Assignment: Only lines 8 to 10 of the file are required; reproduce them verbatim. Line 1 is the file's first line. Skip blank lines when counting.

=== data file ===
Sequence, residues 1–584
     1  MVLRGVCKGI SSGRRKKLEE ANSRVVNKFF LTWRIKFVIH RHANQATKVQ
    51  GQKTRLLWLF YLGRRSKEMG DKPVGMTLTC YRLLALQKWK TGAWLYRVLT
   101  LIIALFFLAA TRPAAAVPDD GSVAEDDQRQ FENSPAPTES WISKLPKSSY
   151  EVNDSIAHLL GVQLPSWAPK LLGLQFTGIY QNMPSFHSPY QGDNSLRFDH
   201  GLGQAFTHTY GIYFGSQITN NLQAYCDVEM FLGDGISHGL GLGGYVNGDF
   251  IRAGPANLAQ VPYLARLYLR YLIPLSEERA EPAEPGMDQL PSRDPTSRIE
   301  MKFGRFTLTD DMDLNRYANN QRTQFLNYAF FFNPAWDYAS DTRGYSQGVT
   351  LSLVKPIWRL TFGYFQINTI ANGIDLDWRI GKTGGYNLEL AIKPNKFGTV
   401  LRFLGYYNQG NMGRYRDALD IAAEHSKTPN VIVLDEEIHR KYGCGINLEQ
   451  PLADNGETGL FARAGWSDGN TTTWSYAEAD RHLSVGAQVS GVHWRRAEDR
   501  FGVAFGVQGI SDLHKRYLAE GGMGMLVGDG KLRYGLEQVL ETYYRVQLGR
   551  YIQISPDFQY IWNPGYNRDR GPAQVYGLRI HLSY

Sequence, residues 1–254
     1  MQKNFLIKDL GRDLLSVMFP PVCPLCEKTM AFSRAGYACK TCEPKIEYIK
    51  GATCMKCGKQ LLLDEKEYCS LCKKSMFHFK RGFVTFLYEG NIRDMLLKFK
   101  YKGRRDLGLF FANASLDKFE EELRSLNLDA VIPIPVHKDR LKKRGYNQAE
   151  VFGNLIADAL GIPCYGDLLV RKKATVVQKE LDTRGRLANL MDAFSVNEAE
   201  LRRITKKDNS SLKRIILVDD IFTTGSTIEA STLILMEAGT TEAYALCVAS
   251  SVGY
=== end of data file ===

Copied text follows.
   301  MKFGRFTLTD DMDLNRYANN QRTQFLNYAF FFNPAWDYAS DTRGYSQGVT
   351  LSLVKPIWRL TFGYFQINTI ANGIDLDWRI GKTGGYNLEL AIKPNKFGTV
   401  LRFLGYYNQG NMGRYRDALD IAAEHSKTPN VIVLDEEIHR KYGCGINLEQ